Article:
A few weeks ago I started to follow your videos and lectures on Youtube, and I find your concepts extremely attractive, enlightening and fundamentally brave.

    I am not surprised by the popularity you are achieving with your efforts to protect free expression. As you pointed out, this is not only about the use of certain pronouns, but because some fundamental values ​​of our civilization are being affected, and I would say also because a certain spiritual search latent in all of us that feels deeply attracted to your original concepts, in terms of science, religion, and the seek for truth and spiritual identity.

    I want to recommend to you, from my modest position as an amateur reader in subjects related to psychology and metaphysics, and especially since you have placed yourself in a religious place (I listened to your almost 3 hour podcast with Joe Rogan and I am still studying it), the reading of the books of Carlos González Pecotche, creator of logosophy (not to be confused with logotherapy; more info in Wikipedia). I think that you will find them extremely stimulating and intellectually challenging.

    I especially recommend his work ‘The mechanism of conscious life’ as a starting point. From there ‘Logosophy: Science and Method’ and ‘The spirit’, works comparatively short and simple to read, but which I am sure you will find at least of interest. These books can be downloaded free from

    Thank you for your commitment to truth and freedom of expression. You really have an admirer in South America.

  • Debra Blouin

    Do you have a preferred order for this reading list? I was able to find 10 of these on Audible. Demons, Maps of Meaning, and Ordinary Men I will have to source elsewhere.

  • Marlon Frost

    A necessity for your list, Dr. Peterson:

    Political Ponerology by Andrew M. Lobaczewski

    “During World War II, Łobaczewski worked for the Polish Home Army, an underground Polish resistance organization. After the war, he studied at Jagiellonian University under professor of psychiatry Edward Brzezicki.[2] Łobaczewski’s class was the last to receive an education uninfluenced by Soviet ideology and censorship, after which psychiatry was restricted to Pavlovian concepts. The study of genetics and psychopathy was forbidden.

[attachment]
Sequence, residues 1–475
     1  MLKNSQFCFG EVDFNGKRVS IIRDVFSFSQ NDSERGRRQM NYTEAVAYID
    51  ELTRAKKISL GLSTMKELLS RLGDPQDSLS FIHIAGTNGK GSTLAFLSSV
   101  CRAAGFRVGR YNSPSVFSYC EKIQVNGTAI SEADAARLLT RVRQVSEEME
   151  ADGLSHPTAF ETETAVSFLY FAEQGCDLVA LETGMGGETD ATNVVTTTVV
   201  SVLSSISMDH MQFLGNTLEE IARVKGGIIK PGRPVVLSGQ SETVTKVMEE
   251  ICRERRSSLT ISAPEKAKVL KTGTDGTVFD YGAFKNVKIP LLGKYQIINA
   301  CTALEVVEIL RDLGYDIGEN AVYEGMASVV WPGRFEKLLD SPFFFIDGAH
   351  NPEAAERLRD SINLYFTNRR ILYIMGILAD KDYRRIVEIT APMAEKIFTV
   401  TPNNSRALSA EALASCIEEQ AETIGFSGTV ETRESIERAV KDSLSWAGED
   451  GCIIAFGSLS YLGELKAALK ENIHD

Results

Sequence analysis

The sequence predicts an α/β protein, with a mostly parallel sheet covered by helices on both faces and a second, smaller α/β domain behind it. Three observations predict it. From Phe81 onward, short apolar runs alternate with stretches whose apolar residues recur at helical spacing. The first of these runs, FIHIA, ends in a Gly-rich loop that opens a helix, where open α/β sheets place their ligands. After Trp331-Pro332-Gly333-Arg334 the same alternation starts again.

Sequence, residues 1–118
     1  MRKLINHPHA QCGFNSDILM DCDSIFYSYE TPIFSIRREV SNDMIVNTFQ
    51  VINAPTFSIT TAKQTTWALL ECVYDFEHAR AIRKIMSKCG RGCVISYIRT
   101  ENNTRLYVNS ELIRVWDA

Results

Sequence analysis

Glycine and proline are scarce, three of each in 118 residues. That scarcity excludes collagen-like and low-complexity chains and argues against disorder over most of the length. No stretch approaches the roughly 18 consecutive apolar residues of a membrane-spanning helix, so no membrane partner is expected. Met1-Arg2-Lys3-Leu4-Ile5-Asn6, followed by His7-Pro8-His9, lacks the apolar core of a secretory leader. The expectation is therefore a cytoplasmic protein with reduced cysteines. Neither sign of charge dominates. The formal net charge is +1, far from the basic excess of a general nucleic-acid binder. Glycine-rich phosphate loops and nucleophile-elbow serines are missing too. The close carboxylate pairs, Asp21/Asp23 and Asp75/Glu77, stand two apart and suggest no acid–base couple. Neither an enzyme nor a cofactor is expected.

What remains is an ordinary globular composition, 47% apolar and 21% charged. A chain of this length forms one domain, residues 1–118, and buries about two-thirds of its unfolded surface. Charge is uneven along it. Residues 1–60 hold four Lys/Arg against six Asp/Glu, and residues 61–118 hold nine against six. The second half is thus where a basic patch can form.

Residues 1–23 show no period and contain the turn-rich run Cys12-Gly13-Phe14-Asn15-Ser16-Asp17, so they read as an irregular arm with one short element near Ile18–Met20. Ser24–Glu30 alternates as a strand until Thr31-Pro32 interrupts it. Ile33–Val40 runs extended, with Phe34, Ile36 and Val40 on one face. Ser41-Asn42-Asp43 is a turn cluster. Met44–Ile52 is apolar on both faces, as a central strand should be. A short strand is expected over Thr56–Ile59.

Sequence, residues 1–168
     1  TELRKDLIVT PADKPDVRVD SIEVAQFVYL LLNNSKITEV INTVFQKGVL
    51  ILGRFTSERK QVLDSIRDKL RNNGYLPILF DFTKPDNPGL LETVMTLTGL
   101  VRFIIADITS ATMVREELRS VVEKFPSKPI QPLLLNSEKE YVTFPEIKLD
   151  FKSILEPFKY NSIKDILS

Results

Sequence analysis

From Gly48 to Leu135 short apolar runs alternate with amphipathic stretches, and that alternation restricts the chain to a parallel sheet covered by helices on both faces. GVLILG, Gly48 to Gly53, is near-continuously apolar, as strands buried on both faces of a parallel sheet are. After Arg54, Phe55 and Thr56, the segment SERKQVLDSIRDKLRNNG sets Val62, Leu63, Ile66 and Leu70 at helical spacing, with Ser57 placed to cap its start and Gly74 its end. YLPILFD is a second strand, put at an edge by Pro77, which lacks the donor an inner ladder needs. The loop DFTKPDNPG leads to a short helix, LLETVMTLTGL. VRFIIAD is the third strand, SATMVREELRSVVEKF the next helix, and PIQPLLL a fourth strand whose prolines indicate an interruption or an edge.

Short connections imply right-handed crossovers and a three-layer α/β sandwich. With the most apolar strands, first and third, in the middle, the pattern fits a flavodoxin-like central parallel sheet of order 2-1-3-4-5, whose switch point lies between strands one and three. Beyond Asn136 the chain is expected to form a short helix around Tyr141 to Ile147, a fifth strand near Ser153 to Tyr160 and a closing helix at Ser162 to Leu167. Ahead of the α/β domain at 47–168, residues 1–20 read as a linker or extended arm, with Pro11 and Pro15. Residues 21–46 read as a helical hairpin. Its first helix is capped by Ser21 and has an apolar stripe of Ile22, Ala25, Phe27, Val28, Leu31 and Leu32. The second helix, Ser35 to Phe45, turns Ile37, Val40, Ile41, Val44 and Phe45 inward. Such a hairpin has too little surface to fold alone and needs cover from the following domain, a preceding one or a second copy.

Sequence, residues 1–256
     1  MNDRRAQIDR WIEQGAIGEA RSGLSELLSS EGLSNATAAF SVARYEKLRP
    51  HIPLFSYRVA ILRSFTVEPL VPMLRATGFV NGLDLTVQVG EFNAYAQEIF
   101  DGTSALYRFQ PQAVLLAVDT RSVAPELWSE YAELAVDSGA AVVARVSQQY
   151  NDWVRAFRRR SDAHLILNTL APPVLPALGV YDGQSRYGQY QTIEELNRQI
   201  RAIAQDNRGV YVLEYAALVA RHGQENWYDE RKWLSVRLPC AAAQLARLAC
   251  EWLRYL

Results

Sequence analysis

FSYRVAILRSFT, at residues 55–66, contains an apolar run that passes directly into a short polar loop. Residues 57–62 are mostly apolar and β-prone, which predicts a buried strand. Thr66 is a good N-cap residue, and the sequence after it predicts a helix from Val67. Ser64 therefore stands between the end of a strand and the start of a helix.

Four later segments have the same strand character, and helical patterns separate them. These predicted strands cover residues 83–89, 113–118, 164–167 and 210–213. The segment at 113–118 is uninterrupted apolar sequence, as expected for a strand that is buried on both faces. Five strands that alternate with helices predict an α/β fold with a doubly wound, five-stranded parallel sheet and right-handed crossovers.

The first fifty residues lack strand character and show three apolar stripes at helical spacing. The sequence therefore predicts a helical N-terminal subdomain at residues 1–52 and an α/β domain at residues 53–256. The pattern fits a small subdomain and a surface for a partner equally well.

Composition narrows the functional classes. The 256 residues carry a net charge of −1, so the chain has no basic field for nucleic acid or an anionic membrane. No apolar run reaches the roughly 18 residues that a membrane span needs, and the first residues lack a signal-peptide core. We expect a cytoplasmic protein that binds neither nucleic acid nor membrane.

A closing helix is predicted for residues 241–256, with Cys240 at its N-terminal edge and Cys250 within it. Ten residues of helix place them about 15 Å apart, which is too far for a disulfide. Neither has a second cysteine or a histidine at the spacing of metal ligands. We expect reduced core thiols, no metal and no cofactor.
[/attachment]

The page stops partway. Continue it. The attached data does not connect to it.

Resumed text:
The original theory and research was conducted by a research group of psychologists and psychiatrists from Poland, Czechoslovakia, and pre-communist Hungary. The group was brought together by Łobaczewski and included Kazimierz Dąbrowski, Stefan Szuman, and Stefan Błachowski, and many other anonymous contributors.”

    “The original manuscript of this book went into the furnace minutes before a secret police raid in Communist Poland. The second copy, painfully reassembled by scientists working under impossible conditions of violence and repression, was sent via courier to the Vatican. Its receipt was never acknowledged – the manuscript and all valuable data lost. In 1984, the third and final copy was written from memory by the last survivor of the original researchers: Andrew Lobaczewski. Zbigniew Brzezinski blocked its publication.

    After half a century of suppression, this book is finally available.

    Political Ponerology is shocking in its clinically spare descriptions of the true nature of evil. It is poignant in its more literary passages revealing the immense suffering experienced by the researchers contaminated or destroyed by the disease they were studying.

    Political Ponerology is a study of the founders and supporters of oppressive political regimes. Lobaczewski’s approach analyzes the common factors that lead to the propagation of man’s inhumanity to man. Morality and humanism cannot long withstand the predations of this evil. Knowledge of its nature – and its insidious effect on both individuals and groups – is the only antidote.”

    [Best supplemented with ‘Without Conscience’ by Dr. Robert Hare, Phd]

    • Brandy

      @Marion Frost, thanks for recommending that book, I am interested in reading it, and immediately found a free pdf version available here for anyone interested in reading the book:

      • Dwight Dunker

        The pdf file in your link only has 58 pages.

    • Bren Dowell

      heck yes! I got this book recently. It’s a bit tough to get through due to the way it’s written, and i mean that in a technical sense, the wording is uncomfortable and oddly structured. i’m still not done with it. I wish someone would re-translate it.

    • Georgiaboy61

      Re: “In 1984, the third and final copy was written from memory by the last survivor of the original researchers: Andrew Lobaczewski. Zbigniew Brzezinski blocked its publication.”

      I hope I do not appear naïve – but I have not read the book, and therefore do not understand why Zbigniew Brzezinski would block the publication of this book – “Political Ponerology” – or how he could block its publication in the first place. It may be germane to say that I am not what one would call a fan of Dr. Brzezinski.

    • Marianne Lelieveld

      Marlon, I wholly agree about ‘Political Ponerology’ being necessary reading. Dr. Robert Hare’s books are a good addition, as are Martha Stout’s ‘The Sociopath Nextdoor’, ‘The Myth of Sanity’ etc.

  • Hi Dr Peterson.